Sunday, July 11, 2010
Some time ago, Yvetta sent me an email of photos of lenticular clouds over Mt. Ranier. That was the first I had ever heard of such clouds. But last month when my son, his family, and I were in the Sierras for a vacation, we were lucky to see these clouds from our condo. They were very strange and very beautiful. They seemed almost stationary and I took several photos as the evening progressed and the sun set.
Lenticular clouds are usually formed at high altitudes over mountains. The name lenticular comes from the lens shape these clouds sometimes take. In fact, many have been mistaken for UFOs. But they also frequently form layers such as these due to some very complicated wind patterns.
These clouds are named "lenticular" because they are lens shaped. Strong wind passing over a high mountain produces standing waves in the air above and somewhat downwind of the mountain. If the air is moist, changing pressure (compression followed by decompression) in these waves results in condensation making the shape of these standing waves visible. Their formal name is: "altocumulus standing lenticularis" meaning a high heap of lens shaped clouds formed by a standing wave. Pilots of powered planes and pilots of sail planes (gliders) are particularly interested in "lennies" as they are not only associated with high wind but also vertical wind. They are usually avoided by power plane pilots because of the turbulence but are sought by glider pilots for the rapid vertical lift they give. Some physicists, including the author, think that standing waves are the basic building block of matter and thus the universe. Hence my fascination with lenticular clouds as they give me a visual demonstration of how matter is formed.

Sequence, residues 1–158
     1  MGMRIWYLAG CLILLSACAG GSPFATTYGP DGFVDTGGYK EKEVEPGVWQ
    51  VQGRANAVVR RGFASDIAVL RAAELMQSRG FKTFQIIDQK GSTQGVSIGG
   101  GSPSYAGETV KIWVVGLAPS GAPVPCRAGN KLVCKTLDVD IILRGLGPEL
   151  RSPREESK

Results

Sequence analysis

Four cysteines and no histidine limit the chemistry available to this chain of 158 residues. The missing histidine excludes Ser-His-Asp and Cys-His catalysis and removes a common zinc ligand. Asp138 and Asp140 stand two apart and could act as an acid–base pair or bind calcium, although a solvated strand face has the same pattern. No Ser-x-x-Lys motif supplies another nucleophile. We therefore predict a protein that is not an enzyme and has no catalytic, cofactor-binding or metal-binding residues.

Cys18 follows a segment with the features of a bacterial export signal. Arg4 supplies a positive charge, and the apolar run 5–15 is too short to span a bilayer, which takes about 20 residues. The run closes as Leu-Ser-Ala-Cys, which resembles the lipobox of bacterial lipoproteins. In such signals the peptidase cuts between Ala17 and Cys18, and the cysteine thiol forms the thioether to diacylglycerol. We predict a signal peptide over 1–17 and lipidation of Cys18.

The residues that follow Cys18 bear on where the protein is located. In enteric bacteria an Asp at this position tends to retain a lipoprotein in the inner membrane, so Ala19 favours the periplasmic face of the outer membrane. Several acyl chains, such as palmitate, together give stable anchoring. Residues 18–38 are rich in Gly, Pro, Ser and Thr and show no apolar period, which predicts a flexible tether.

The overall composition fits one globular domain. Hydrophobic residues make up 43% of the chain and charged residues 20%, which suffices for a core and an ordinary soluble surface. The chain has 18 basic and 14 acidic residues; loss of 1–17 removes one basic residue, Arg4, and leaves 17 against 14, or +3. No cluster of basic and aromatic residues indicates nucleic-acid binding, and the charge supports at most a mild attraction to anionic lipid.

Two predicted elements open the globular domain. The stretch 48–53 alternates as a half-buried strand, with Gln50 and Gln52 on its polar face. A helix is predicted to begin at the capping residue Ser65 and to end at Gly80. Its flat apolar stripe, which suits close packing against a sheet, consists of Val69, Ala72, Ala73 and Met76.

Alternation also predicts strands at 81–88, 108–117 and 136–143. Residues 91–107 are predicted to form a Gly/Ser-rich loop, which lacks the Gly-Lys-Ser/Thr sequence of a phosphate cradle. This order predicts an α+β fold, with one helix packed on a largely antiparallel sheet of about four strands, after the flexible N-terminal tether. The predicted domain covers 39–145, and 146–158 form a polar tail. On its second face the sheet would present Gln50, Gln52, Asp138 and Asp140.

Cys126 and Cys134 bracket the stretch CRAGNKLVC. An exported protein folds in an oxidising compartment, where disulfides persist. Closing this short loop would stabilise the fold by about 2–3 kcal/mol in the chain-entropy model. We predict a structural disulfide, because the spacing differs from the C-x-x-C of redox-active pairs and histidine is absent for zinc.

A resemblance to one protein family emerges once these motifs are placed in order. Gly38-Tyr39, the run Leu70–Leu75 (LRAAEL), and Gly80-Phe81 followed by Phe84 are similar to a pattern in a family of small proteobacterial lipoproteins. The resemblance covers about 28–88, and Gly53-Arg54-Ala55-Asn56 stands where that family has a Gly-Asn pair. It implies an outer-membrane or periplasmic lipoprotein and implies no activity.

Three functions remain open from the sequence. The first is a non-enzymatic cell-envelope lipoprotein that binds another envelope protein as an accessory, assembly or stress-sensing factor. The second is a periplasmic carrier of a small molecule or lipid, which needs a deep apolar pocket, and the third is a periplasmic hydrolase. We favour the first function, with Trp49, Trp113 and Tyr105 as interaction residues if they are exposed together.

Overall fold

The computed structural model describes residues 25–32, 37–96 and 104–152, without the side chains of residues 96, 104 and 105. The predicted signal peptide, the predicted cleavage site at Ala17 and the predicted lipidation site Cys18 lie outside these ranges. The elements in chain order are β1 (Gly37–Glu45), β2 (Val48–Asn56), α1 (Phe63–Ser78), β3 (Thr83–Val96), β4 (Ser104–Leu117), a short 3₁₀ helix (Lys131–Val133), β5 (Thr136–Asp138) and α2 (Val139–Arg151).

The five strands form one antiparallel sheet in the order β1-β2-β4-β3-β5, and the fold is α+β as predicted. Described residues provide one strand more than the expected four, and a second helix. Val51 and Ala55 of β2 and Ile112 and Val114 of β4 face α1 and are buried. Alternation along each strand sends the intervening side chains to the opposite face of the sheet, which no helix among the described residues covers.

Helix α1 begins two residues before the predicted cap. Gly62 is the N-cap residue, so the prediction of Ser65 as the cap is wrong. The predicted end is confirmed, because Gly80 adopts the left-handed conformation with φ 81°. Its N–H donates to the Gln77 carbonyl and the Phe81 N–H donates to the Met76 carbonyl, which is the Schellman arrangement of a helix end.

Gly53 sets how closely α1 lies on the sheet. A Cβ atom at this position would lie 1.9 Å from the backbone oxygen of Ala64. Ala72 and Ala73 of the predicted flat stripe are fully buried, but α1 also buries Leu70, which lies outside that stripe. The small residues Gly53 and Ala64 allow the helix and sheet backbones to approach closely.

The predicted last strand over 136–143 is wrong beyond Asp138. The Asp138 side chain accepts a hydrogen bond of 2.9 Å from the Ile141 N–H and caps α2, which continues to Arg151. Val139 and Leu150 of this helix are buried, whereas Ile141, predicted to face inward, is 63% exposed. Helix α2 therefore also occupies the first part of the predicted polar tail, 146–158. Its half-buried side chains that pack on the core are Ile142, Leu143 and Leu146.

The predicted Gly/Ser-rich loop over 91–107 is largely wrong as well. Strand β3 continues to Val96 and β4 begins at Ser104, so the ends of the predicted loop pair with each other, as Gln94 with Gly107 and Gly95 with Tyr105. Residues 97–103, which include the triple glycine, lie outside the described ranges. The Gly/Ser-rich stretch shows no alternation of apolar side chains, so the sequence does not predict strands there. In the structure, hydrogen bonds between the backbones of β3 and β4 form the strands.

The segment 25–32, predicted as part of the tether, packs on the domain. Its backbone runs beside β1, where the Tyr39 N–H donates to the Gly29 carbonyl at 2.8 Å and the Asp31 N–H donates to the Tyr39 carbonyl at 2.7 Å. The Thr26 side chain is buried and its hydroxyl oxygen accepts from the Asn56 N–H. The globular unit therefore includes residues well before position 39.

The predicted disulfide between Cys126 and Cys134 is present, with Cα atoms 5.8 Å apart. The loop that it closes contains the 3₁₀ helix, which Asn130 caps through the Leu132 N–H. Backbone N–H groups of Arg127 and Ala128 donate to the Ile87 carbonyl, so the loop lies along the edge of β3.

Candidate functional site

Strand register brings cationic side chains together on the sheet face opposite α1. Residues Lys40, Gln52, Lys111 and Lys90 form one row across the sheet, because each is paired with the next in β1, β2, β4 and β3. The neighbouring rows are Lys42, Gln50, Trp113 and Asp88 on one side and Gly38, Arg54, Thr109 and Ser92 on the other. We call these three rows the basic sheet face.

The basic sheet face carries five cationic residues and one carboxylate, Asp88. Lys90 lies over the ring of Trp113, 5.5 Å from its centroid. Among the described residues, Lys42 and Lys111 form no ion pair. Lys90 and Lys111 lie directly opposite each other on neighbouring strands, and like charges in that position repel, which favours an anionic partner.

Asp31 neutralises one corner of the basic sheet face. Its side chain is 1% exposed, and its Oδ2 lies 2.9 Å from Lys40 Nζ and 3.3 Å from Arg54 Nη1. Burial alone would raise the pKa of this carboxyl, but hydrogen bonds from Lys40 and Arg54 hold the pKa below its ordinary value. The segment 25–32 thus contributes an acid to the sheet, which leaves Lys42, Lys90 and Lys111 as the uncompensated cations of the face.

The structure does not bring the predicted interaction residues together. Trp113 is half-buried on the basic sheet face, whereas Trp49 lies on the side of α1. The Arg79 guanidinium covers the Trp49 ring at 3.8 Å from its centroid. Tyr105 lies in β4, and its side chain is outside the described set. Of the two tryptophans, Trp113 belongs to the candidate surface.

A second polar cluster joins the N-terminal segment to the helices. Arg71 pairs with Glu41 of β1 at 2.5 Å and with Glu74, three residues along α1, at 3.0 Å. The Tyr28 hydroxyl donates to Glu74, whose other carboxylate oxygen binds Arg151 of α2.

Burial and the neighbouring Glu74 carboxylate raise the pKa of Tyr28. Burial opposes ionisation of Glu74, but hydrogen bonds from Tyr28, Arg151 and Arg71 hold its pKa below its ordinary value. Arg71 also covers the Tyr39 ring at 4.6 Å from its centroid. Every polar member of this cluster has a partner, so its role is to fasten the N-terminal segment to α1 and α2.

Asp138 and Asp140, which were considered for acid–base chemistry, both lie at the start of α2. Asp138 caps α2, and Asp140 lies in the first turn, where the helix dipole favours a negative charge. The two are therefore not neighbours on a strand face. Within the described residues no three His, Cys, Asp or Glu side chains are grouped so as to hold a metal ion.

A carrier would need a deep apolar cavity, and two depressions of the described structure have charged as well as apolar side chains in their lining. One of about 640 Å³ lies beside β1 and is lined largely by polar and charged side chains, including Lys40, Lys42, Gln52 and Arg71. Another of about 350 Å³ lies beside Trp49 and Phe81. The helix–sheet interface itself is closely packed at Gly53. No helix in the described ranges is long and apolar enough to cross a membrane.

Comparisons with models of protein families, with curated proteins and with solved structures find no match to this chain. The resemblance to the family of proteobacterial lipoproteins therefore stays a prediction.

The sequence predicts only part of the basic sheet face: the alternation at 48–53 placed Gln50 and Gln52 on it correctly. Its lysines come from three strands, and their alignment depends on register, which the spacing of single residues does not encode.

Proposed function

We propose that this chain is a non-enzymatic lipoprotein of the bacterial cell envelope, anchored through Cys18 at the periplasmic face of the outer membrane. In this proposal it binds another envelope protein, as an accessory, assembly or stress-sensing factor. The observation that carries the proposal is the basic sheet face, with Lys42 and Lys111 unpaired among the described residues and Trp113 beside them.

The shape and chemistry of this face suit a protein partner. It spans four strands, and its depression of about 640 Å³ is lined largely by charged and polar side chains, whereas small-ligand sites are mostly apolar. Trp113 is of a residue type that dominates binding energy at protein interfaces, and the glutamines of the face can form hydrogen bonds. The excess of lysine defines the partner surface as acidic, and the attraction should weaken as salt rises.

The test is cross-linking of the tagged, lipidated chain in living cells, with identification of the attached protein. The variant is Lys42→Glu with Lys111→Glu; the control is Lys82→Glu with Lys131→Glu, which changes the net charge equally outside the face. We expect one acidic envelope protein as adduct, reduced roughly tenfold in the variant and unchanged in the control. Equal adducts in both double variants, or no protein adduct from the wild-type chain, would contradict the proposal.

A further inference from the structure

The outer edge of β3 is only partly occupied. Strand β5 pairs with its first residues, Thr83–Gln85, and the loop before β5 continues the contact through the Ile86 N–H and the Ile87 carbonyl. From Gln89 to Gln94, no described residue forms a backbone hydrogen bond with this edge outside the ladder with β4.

D. Mayo, at Lake Ohau, NZ.
I've always been intrigued by standing waves because violin strings vibrate in standing waves. If you Google "lenticular clouds," you can find some strikingly beautiful photos such as those here, here, and here.